By the time ninth grade begins, Ishmael Leseur knows it won't be long before Barry Bagsley, the class bully, says, "Ishmael? What kind of wussy-crap name is that?” Ishmael's perfected the art of making himself virtually invisible. But all that changes when James Scobie joins the class. Unlike Ishmael, James has no sense of fear—he claims it was removed during an operation.
Now nothing will stop James and Ishmael from taking on bullies, bugs, and Moby Dick, in the toughest, weirdest, most embarrassingly awful . . . and the best year of their lives.
About Michael Gerard BauerSee more books from this Author
Via brief, first-person chapters with funny titles, Bauer tells the tale of the developing friendship between James and Ishmael with great humor and sympathy, and he treats the familiar subject of bullying in a truthful way.| Read Full Review of Don't Call Me Ishmael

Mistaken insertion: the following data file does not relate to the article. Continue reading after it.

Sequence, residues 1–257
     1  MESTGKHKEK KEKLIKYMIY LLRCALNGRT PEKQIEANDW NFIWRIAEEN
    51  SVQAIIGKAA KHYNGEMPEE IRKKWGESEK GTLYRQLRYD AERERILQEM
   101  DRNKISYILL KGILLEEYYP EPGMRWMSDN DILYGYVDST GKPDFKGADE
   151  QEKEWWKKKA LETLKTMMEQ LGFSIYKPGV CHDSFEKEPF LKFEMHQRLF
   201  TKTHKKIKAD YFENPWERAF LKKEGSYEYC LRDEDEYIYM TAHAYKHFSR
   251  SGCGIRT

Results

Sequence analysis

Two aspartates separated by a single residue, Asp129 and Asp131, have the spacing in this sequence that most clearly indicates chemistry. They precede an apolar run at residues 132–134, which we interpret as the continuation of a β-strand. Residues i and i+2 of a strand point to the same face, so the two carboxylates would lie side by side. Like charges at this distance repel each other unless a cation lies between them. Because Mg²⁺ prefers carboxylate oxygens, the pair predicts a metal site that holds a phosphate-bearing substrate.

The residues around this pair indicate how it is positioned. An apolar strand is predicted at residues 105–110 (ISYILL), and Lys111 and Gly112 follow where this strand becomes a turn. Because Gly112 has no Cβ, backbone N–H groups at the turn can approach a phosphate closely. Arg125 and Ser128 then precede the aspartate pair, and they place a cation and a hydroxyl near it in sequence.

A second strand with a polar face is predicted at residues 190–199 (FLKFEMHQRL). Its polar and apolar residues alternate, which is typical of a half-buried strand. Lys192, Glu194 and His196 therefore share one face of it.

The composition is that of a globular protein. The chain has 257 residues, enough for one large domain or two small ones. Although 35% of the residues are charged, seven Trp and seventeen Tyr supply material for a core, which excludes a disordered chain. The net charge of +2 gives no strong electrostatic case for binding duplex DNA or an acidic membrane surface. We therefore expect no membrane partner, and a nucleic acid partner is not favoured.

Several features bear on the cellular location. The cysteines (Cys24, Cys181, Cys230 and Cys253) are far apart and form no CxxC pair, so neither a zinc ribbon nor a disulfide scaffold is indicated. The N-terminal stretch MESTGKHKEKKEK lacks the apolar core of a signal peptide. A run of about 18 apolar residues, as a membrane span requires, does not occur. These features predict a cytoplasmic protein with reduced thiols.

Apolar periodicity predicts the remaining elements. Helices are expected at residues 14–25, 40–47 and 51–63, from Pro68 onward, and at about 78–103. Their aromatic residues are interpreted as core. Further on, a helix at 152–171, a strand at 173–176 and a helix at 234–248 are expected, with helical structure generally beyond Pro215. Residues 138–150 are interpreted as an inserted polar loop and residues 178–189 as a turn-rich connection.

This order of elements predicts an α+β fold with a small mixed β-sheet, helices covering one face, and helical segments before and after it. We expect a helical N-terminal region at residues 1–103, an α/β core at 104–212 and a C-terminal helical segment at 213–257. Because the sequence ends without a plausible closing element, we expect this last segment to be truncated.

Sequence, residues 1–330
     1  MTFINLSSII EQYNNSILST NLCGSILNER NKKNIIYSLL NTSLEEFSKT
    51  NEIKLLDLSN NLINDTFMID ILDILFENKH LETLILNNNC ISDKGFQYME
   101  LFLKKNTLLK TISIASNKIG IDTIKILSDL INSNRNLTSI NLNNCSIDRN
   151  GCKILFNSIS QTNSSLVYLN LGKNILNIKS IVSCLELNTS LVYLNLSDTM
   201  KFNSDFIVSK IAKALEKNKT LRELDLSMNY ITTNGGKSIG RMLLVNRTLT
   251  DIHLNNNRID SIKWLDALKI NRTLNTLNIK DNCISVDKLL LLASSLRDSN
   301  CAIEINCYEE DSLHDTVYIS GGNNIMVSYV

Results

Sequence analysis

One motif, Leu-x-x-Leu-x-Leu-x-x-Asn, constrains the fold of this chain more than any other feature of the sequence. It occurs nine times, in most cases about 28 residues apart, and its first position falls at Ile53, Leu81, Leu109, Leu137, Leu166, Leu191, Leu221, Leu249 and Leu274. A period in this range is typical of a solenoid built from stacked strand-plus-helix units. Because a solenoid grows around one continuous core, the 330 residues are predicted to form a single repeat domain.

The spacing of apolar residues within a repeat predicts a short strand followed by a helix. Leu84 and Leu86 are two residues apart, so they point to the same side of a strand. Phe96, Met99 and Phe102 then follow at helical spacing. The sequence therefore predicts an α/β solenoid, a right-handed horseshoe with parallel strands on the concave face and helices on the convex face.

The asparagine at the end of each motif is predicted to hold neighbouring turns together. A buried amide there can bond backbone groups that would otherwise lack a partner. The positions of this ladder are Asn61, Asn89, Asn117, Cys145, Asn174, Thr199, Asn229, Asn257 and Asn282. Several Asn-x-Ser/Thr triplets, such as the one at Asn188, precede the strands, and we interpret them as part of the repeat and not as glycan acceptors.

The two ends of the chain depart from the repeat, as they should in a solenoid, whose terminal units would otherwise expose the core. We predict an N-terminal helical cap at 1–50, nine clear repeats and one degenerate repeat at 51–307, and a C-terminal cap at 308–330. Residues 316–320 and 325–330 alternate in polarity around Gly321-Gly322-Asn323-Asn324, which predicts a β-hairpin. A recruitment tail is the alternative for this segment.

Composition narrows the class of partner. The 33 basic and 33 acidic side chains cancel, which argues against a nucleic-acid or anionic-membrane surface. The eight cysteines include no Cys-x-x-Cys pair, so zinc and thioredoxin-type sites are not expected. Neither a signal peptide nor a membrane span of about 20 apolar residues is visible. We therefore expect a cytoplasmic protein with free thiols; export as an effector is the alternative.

Partly that's down to Ishmael's wonderful narration, which had me in stitches for much of the book, right from when he first tells us how he came to be christened Ishmael (yes, his parents were fans of the book you're thinking of!) until the wonderful ending.Sep 09 2012 | Read Full Review of Don't Call Me Ishmael
Ishmael Leseuer believes himself to be suffering from Ishmael Leseuer syndrome, a rare condition that causes him to pretty much have a terrible time-picked on at school by Barry Bagsley and his friends, constantly embarrassed by his dad telling the story of his name, and shown up by his little si...| Read Full Review of Don't Call Me Ishmael
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